Antinuclear

Australian news, and some related international items

Radiation hazards of mine in occupied Donetsk, site of an underground nuclear test.

Why nuclear risk from war in Ukraine isn’t missiles but accidental hits on reactors, Kyiv safety expert warns, By Isabella Bengoechea   i ,   23 Feb 22 ”……………………………………….A radioactive time bomb’

There is also growing concern over a “radioactive time bomb ticking away as a result of the war in Ukraine”, Ms Roslycky said.

Radiation from the Yuny Komynar (Yunkom) mine near Yenakiieve in occupied Donetsk has been slowly contaminating the environment. In 1979 the Soviet Union conducted a nuclear test here deep underground. The explosion melted the walls into glass, creating the ‘Klivazh’ facility, a vitrified capsule of radioactivity.

When a mine stops operating, water must be continually pumped out to prevent flooding because water that enters the shafts and chambers can become polluted with heavy metals which can then enter the soil and waterways.

Before the Russian occupation the Ukrainian government spent millions pumping water out of mines in the region to prevent flooding. However in 2018, the so-called Donetsk People’s Republic (DPR) ceased pumping operations, with infrastructure sold off for scrap metal.

A 2019 report by Ukraine’s National Institute for Strategic Studies found that contamination from flooded mines was an ‘urgent threat’ to over 300,000 people in separatist areas, with one in four already lacking a source of drinking water.

In the Yunkom mine: “There is a risk of the glass capsule being destroyed, and the leaking of highly hazardous radioactive elements into surface waters,” according to a 2021 report by Truth Hounds, a Ukraine-based human rights NGO. “Just two months after water pumping ceased, the level of mine water in the shaft of the mine increased by 157 meters.”

Since 2020, the capsule is believed to have flooded. According to the International Human Rights Community, the concentration of radionuclides in the aquifers about 5km away from the site, was 20-34*103 becquerels/kg.

“This means that low-level radioactive waters are already entering the drinking water level,” the organisation said.

“Like a dirty bomb, this radioactive-chemical cocktail poses a large-scale environmental threat affecting the ecology, human health and lives in areas far beyond Ukrainian borders should it seep through to the Sea of Azov and the Black Sea making its way into the Mediterranean,” according to Ms Roslycky.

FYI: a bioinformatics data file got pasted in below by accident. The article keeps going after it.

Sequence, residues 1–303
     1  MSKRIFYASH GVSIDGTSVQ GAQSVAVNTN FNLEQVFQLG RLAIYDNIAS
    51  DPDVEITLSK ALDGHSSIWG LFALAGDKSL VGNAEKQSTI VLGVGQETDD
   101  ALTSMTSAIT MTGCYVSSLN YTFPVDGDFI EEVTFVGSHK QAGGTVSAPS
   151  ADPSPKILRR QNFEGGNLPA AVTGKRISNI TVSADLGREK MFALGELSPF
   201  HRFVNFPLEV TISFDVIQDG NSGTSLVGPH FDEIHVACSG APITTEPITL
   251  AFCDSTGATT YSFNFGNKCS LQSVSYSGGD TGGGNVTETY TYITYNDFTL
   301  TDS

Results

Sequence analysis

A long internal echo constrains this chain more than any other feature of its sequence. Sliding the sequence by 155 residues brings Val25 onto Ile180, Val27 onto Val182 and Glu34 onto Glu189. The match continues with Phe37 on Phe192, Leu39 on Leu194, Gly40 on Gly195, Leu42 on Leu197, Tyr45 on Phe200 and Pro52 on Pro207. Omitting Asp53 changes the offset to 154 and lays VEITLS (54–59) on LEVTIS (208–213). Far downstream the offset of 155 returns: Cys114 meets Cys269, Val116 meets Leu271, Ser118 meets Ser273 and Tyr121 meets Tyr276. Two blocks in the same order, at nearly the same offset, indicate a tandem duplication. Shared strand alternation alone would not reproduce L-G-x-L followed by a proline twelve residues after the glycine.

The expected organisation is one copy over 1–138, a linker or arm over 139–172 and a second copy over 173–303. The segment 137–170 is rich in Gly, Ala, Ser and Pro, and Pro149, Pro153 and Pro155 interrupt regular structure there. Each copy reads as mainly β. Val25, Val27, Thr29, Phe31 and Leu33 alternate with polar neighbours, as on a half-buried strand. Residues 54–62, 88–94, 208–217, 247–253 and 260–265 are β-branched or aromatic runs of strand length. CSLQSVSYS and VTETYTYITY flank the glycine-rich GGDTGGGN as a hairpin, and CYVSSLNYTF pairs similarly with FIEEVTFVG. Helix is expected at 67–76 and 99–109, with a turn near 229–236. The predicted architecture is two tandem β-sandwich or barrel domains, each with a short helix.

“The threat is the pollution of the environment, the land, the water, the animals, the people. This is a pending international environmental disaster that needs to be taken under control.”

Denial from Russian-backed separatists

However, the DPR denies any change in radiation levels or risks associated with the mine. There is little data available because all requests to access the site to investigate by Ukraine and observers including the International Atomic Energy Agency have been rejected.

Similarly, requests to inspect other nuclear sites in, for example, occupied Crimea, have been rebuffed.

Last April President Zelensky warned: “The lack of such information is a problem that has no borders, and its consequences will have no boundaries.”

An investigation opened by the Donetsk Region Prosecutor’s Office found that the DPR “understand that these actions could cause an ecological disaster, consisting of the radioactive and chemical contamination of groundwater and surface water and, in turn, the pollution of the Sea of Azov”.

As Ms Roslycky points out, by refusing to engage with international authorities, Russia “instrumentalises this position to legitimise the Russian occupation authorities” in Donetsk and Luhansk. By claiming that Ukraine must engage with the DNR directly, they want to force Ukraine and the international community to formally recognise them.

Sergiy Kyslytsya, Ukraine’s Ambassador to the United Nations, has called upon the UN to carry out an environmental impact assessment in Donetsk and Luhansk.

Without proper maintenance of such sites, they may soon be adding to the nuclear and environmental threat – on top of the military threat – looming over Ukraine. https://inews.co.uk/news/ukraine-war-nuclear-risk-russia-missiles-accidental-hits-reactors-1478269

February 24, 2022 - Posted by | Uncategorized

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